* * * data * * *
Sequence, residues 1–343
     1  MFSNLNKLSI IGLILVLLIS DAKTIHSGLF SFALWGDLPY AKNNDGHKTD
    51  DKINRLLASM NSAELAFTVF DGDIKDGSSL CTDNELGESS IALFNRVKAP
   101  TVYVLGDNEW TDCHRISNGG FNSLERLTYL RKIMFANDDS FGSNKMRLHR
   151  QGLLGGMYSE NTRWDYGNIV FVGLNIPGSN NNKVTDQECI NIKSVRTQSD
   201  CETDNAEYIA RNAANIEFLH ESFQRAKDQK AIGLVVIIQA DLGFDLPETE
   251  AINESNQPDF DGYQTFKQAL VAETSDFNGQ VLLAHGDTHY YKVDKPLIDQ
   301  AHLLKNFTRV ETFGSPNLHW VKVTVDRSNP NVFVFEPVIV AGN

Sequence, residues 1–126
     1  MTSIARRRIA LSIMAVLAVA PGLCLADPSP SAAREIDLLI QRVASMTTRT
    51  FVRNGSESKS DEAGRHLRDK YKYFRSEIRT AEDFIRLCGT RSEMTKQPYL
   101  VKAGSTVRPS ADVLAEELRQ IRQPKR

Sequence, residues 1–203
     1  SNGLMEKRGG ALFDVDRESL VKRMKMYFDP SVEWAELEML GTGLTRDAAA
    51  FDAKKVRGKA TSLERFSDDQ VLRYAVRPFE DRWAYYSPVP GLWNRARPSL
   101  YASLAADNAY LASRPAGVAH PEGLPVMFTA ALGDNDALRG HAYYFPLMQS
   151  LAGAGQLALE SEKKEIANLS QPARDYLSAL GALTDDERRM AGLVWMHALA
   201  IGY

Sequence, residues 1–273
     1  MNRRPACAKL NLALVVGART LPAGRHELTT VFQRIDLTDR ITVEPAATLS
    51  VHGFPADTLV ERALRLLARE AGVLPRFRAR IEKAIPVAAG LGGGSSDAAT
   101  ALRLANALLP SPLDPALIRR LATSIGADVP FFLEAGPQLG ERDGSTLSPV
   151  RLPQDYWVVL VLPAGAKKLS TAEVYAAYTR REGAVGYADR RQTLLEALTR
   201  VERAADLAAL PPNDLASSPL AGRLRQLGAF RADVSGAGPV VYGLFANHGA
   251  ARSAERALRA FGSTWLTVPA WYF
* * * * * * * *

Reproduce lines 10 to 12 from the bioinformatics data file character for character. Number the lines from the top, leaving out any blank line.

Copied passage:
     1  MTSIARRRIA LSIMAVLAVA PGLCLADPSP SAAREIDLLI QRVASMTTRT
    51  FVRNGSESKS DEAGRHLRDK YKYFRSEIRT AEDFIRLCGT RSEMTKQPYL
   101  VKAGSTVRPS ADVLAEELRQ IRQPKR